|The Poisoned Ink Well|
Sunday, October 06, 2002
My father had died and I needed a friend when I met Ric. I had one of those disagreeably, dysfunctional, eccentric (never say crazy, darlin) southern families. We had Azalea bushes, instead of picket fences, and our grass in typical Louisiana fashion was greener than the grass in most other places.
My oldest brother died a James Dean death, on a borrowed motorcycle, clad in black leather at 17 years old, complete with a long line of weeping teenage girlfriends. I was only seven, so I never really got to know him. My other older brother, who is now doing a long stretch in prison, was 12 and he took full advantage of the death of my oldest brother and could pummel me into submission without my bodyguard around, anymore. I don’t want to bore you or traumatize you with the excruciating details of this right now.
After the death of my dad, our anchor, we all (my family) drifted between Louisiana and Arkansas (we had property in both states) and my other brother (the one who lived) started taking advantage of my mother. He was stealing money, checks, and stuff like that and my Mom wouldn’t listen to me, and the people we knew didn’t know the scope of it (they wouldn't listen to me either). He was very abusive with her and she would lie and hide it. I couldn’t stand to watch it.
I was 18 and I had the world by my tail (didn't know it at the time,sigh) like most people at 18 do. My Dad always had said that 'I was like a sore tail bob cat when I was mad' and he’d warn all my boyfriends, that he wasn't worried about me with them, he was more worried about them with me. Ric never met my father so he wasn’t forewarned.
One night about a year after my father died, my Mom and me went out dancing at a honky-tonk on the edge of Hot Springs called the Rhinestone. Ric was the club DJ. He was about 6’1, 24 years old, and he looked like the blonde guy from the Dukes of Hazard. He was gorgeous and he carried around a guitar and could sing and play like Buddy Holly. I was in love; I mean, big time IN LOVE. Of course he didn’t have any money, or a car, or anything like that, but you know, you don’t let things like that stop you when you are that young. He had the bluest eyes and the curliest blonde hair and he knew me, every inch. He was from Ohio and he knew so much and he seemed so worldly to me (Hell he‘d even lived in Cleveland). He knew the words to every Elvis song and could sing them, too. What else could a lonely girl from Baton Rouge want in a fellow?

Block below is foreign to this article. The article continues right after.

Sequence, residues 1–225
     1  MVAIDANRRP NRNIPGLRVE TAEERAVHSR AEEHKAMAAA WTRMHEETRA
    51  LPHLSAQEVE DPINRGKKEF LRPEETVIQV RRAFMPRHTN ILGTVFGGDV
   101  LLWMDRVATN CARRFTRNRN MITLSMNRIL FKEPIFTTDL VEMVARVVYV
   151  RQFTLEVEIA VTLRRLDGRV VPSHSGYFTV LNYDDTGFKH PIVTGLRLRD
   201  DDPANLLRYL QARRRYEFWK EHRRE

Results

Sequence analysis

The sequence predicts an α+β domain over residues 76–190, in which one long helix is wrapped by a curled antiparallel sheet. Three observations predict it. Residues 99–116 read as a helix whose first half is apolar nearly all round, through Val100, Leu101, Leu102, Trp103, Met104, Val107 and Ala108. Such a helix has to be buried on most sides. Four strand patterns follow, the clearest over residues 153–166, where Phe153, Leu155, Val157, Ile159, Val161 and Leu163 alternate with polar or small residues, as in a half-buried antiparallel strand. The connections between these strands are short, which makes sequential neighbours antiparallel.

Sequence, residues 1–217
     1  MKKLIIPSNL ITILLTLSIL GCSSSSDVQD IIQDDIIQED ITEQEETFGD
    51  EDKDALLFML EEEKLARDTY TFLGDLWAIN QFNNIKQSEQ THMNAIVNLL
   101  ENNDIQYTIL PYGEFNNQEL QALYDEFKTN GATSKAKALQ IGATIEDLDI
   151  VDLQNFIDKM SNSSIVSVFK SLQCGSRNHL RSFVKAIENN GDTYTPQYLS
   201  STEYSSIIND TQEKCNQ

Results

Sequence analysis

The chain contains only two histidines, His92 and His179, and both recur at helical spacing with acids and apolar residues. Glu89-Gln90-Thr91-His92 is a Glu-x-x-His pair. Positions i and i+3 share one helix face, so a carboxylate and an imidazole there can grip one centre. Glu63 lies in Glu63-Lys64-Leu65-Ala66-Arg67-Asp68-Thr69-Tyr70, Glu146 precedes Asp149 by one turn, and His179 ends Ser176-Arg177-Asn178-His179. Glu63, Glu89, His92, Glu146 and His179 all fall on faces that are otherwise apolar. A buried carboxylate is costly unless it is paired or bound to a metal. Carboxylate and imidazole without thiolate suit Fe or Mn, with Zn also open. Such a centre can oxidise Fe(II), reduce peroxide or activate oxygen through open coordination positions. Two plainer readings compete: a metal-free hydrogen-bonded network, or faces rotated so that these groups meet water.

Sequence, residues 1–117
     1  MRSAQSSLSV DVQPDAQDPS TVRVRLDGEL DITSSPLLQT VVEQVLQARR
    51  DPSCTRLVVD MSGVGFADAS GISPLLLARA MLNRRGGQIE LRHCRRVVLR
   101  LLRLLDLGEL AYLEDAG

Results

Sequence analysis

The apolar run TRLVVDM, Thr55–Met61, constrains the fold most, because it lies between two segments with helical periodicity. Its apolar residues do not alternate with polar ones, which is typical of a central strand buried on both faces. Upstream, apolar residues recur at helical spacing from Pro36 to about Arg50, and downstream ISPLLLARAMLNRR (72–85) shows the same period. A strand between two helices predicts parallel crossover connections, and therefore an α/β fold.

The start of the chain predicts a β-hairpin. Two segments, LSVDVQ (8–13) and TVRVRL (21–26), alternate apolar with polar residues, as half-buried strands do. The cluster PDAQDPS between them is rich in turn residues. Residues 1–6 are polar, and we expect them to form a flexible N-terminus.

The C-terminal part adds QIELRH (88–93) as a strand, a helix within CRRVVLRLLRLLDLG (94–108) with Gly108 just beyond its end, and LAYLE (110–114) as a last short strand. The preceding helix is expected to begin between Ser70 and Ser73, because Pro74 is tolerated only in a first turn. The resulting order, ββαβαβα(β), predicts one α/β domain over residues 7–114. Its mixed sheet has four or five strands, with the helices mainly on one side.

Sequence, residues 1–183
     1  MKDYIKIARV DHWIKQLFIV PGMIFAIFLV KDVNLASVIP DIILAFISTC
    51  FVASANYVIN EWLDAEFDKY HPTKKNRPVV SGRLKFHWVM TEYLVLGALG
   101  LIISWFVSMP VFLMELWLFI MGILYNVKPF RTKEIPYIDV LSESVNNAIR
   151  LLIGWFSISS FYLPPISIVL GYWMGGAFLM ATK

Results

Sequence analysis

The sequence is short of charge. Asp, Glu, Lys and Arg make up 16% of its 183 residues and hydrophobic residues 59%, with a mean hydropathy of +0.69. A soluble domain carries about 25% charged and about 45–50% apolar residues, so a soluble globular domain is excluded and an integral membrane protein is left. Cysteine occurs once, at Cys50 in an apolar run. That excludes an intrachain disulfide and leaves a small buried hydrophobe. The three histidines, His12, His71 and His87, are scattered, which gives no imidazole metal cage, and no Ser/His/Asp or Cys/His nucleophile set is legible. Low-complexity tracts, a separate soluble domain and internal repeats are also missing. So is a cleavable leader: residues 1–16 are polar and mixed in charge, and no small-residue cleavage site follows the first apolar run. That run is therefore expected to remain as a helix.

I digress, I still can't believe he is dead. He was so alive. He was 33 and he died. I really, really thought I'd see him, again. He had had his problems, but he was basically a good guy. He loved. He loved everything. He loved his music and his DJ name was Rock and Roll Ric or Rockin Ricky. He was on the radio for awhile here in Hot Springs when our son was still a baby.
He didn't seem like the kind of person you could think of as dead, but you know then again, in retrospect, he didn't seem like the kind of person who would ever get old, either.
It feels weird to be old with a ghost sitting on my shoulder. I have a picture on my wall, now. It's a blown up snap shot. Ric's mom gave it to me. They said it was in his wallet when they went to identify the body. He's holding our son and they are both staring at the camera and he has tears in his eyes (Ric) and he's biting his lip to keep from crying. I remember taking it and remember him crying. Now, he stares at me in this photograph, holding his baby son, a son he never got to know, a son he never saw again after the age of three and I wonder what makes things like this happen. W*H*Y does it have to be like this? Now I'm crying, so I have to go. I'll be back later to talk to myself, again.
Damn, I love life, and I hate at the same time.
Added on 12-10-02 More of my thoughts
[ I drive by the club where he used to work every night. It is ironic, but I was once kicked off the dance floor of this club for dancing to risqué. Ric played Jerry Lee Lewis Whole Lotta Shaking Going On for me and we shook it, he left the DJ booth and we danced and then we got down. I’m from Louisiana, so I didn’t know that I was doing anything unusual, but when we started shaking and shimmying, lower and lower (one of my boobs mighta gotten loose for a minute) and then owner came over and pulled me off the dance floor and said “We don’t allow that kinda dancin in here Missy”
What’s ironic about the story? This was years ago and it is now a Strip Club and every time I drive by, I think about the night I was too much for the place (much to much). Bet I wouldn't be now.]